Before you even have a conversation asking for help, it’s important to identify specific actions you need to take and requests you can make. Your request may be for your partner to do dishes three days a week. Or, for your boss to help you identify the top priorities at work, rather than throwing more tasks at you than you can handle. Or, you may simply want to ask a friend to listen to you.
Before reading on, I invite you to pause and write down all of your to-do items. For each to-do item, ask yourself if someone else might be able to help you with the task. If you don’t yet have a to-do list yet, this may require an investment of time. But I promise it’s worth it; I sometimes see clients get resentful simply because they’re holding a massive to-do list in their heads. Writing down all of your actions and requests on a continuous basis will not only help you let go of resentment but stay out of resentment, as well.
4. Have the Conversation.
Once you’ve identified your feelings, needs, and requests, it’s time to actually ask for help. The simple Non-Violent Communication process can be very helpful here. It follows four steps:
1. What happened.
2. How do you feel.
3. Your need(s).
4. Your request(s).
For example, if your boss keeps asking you to do more than you can handle, you may begin the conversation like this, “I want to talk to you about how we can find a way for me to do my work effectively without burning out. In the last couple of weeks, you’ve been asking me to do one thing, and then by the end of the day, you’ve asked me to do something else. My to-do list is so long that in order to complete it, I’d need to work way longer than forty hours to complete it. I’m feeling very overwhelmed and uncertain about how to be effective and handle my workload. Can we please look at my to-do list and set clear priorities? And, can we please create a system to prioritize from now on?”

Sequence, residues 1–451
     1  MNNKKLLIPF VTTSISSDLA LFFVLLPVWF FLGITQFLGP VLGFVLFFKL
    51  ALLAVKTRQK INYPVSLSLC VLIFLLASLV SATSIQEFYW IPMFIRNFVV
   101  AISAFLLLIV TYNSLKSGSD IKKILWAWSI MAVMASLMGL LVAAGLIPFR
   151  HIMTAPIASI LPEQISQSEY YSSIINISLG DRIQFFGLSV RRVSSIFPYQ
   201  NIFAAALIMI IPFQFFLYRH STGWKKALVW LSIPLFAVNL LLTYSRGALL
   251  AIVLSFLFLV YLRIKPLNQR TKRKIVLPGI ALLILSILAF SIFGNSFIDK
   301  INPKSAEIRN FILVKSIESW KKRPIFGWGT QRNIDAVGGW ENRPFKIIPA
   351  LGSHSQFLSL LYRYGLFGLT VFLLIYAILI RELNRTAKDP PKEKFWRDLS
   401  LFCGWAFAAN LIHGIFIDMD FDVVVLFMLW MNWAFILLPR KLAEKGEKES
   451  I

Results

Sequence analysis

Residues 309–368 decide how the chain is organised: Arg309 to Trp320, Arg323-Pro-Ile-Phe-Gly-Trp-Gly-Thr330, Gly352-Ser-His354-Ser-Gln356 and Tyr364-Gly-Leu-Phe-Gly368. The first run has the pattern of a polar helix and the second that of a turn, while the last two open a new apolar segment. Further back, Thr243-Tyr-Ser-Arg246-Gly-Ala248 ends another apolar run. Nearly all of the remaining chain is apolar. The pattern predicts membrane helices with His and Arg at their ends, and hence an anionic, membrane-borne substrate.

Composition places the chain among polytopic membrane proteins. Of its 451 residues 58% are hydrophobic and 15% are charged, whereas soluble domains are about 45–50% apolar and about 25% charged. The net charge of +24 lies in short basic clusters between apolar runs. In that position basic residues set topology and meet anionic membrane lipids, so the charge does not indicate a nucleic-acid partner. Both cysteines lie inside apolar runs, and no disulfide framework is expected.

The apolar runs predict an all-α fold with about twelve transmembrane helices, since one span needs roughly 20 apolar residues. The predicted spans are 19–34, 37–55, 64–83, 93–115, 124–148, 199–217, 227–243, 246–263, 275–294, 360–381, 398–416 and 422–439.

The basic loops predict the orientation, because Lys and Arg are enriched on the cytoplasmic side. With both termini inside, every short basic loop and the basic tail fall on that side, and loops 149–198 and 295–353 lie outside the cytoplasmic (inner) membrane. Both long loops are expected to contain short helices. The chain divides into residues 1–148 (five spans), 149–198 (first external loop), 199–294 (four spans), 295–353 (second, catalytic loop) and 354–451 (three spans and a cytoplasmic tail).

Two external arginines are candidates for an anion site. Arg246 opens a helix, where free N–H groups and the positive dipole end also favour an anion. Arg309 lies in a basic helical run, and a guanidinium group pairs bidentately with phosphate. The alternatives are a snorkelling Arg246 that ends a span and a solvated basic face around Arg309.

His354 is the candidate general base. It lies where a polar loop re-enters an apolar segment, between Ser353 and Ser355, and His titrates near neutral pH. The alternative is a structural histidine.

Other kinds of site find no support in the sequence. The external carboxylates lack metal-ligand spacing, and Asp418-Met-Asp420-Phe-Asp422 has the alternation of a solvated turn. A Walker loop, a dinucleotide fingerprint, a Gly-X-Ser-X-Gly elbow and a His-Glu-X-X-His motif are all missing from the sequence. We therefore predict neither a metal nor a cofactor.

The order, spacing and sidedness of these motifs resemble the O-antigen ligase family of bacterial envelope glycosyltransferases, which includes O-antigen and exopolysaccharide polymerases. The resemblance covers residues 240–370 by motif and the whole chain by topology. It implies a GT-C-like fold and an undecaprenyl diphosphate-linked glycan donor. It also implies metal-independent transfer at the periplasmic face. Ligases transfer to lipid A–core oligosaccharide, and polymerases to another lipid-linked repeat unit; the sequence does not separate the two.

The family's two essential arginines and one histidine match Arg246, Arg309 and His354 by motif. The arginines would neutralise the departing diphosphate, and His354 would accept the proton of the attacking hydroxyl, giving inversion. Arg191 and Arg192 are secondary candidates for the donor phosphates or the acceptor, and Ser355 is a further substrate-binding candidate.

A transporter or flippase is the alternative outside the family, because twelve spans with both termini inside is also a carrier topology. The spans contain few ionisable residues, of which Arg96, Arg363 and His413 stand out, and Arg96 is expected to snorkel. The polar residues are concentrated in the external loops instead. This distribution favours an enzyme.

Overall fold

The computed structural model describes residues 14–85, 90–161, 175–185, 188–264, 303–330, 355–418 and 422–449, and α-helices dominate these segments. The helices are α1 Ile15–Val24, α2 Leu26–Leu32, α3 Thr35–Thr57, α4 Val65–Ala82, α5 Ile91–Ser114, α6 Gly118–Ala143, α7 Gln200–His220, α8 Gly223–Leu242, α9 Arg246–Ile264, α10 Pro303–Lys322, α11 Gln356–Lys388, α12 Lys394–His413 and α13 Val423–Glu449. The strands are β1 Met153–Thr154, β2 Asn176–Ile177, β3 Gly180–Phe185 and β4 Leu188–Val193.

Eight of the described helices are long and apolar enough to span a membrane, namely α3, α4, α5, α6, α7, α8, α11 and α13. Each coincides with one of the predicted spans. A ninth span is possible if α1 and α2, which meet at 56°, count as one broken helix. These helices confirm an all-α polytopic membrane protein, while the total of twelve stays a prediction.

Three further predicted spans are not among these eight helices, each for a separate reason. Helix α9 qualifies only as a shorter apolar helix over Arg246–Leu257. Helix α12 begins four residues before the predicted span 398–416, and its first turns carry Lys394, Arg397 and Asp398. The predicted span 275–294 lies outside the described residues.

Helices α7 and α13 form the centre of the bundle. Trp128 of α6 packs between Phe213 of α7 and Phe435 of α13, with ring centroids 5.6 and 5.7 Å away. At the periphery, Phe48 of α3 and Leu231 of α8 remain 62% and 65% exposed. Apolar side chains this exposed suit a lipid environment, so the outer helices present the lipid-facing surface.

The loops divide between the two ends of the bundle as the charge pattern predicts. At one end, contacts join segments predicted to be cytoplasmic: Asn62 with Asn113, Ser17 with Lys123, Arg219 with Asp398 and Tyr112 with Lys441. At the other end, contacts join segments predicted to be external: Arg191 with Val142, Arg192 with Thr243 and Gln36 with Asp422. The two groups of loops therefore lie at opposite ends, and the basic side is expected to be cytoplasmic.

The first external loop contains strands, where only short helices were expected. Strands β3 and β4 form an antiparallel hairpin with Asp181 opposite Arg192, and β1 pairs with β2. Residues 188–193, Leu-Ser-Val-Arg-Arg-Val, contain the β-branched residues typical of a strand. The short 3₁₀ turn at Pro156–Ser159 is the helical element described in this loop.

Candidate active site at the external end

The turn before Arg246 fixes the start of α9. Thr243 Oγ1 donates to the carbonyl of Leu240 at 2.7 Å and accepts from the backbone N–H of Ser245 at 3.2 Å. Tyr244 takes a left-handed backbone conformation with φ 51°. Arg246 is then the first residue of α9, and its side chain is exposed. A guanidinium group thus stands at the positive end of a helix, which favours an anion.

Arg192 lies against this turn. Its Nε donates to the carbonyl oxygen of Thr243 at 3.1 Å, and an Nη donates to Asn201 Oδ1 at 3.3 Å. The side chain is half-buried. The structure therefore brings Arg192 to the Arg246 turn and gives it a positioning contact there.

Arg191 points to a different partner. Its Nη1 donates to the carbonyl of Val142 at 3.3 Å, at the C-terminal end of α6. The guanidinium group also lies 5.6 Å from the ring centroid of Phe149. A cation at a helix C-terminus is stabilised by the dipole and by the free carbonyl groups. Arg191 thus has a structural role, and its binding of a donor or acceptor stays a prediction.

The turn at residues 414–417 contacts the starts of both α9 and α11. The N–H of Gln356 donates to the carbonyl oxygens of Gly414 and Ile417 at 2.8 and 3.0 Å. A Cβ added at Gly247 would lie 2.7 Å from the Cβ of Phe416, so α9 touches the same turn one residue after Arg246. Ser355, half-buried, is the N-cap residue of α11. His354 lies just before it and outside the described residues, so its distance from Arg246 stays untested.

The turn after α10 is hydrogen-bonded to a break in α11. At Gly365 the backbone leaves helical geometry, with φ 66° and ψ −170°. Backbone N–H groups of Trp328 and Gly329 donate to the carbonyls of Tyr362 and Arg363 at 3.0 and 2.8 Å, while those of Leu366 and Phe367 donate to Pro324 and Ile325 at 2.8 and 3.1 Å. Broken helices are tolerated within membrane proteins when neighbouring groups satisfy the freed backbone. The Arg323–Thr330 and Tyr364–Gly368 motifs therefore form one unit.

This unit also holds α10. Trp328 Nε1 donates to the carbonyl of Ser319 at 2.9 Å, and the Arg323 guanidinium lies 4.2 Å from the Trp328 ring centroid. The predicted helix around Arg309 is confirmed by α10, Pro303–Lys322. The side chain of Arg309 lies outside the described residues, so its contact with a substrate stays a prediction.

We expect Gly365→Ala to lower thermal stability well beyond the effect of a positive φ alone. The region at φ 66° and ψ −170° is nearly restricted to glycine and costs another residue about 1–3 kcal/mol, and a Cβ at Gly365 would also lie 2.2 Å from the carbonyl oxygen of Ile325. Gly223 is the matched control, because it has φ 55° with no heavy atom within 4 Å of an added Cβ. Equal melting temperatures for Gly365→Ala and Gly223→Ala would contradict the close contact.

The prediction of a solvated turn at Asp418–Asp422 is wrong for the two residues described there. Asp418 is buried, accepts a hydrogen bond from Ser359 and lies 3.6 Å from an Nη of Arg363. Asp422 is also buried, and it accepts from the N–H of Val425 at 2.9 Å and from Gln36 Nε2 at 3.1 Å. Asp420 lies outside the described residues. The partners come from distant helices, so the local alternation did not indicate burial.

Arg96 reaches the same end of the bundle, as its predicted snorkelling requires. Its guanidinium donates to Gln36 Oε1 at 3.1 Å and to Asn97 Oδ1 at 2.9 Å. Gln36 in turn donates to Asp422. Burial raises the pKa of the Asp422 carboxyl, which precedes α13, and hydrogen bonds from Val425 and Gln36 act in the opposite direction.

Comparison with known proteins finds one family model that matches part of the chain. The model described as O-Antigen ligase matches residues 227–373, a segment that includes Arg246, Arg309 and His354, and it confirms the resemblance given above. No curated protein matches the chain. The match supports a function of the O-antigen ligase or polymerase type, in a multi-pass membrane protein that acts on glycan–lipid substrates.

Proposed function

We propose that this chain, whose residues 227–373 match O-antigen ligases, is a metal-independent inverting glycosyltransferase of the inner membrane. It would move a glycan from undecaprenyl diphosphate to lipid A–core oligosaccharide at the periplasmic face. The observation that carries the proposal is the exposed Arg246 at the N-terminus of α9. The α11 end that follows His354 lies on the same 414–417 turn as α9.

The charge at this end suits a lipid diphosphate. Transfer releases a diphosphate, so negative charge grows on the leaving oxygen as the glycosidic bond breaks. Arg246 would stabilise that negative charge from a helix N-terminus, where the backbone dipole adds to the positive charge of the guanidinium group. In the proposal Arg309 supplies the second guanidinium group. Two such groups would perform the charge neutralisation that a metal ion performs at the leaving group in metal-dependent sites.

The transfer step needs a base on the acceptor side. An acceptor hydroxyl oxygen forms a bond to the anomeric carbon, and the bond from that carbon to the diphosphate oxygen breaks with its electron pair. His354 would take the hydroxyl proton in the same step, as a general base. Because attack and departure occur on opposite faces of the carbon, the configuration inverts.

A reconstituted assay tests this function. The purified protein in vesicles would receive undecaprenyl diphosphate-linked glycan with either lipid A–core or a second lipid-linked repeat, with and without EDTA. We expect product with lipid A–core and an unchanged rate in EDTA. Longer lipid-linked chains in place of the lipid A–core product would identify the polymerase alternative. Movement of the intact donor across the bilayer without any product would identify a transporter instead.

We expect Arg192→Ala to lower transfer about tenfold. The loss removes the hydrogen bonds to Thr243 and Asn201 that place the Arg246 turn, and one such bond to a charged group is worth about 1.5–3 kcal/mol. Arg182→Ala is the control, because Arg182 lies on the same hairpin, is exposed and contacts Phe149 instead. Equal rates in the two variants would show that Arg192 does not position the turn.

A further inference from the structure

Of course, your tone of voice and body language make all the difference. Make sure that you’re in a calm frame of mind before having the conversation, and bring your attention to your breath or take a break if you get upset.
5. Take Time Before Saying Yes.
From now on, when you’re considering taking on a new responsibility, I encourage you to follow the steps we outlined above. First, pay attention to how you feel in your body as you consider the request. Then, identify any unmet needs. You may realize that you won’t be able to meet important needs if you take on the request, or you may discover that this new request actually meets your needs. Next, identify your next action or request. This may look like saying yes or saying no or giving a qualified response, such as “Yes, I can do this, as long as these other things happen.” Finally, have the conversation.
So what did I do? Exactly what I’m encouraging you to do here. I checked out the NVC needs list and realized that I needed more rest and more support. I let a couple of my teammates know that I was feeling overwhelmed and made some very specific requests. And, I scheduled a whole day for rest at the end of that week. And, yes, the resentment subsided and I got back to enjoying my work.
Practicing these steps consistently—both when I notice any resentment rising and as a daily practice— is key to keeping me out of resentment. And, they are key to helping you receive the support you deserve.
Now it’s your turn—
What’s one thing that helps you let go of resentment? I’d love to hear from you below! And, as always, please share this article with a friend who you think would benefit. Thank you!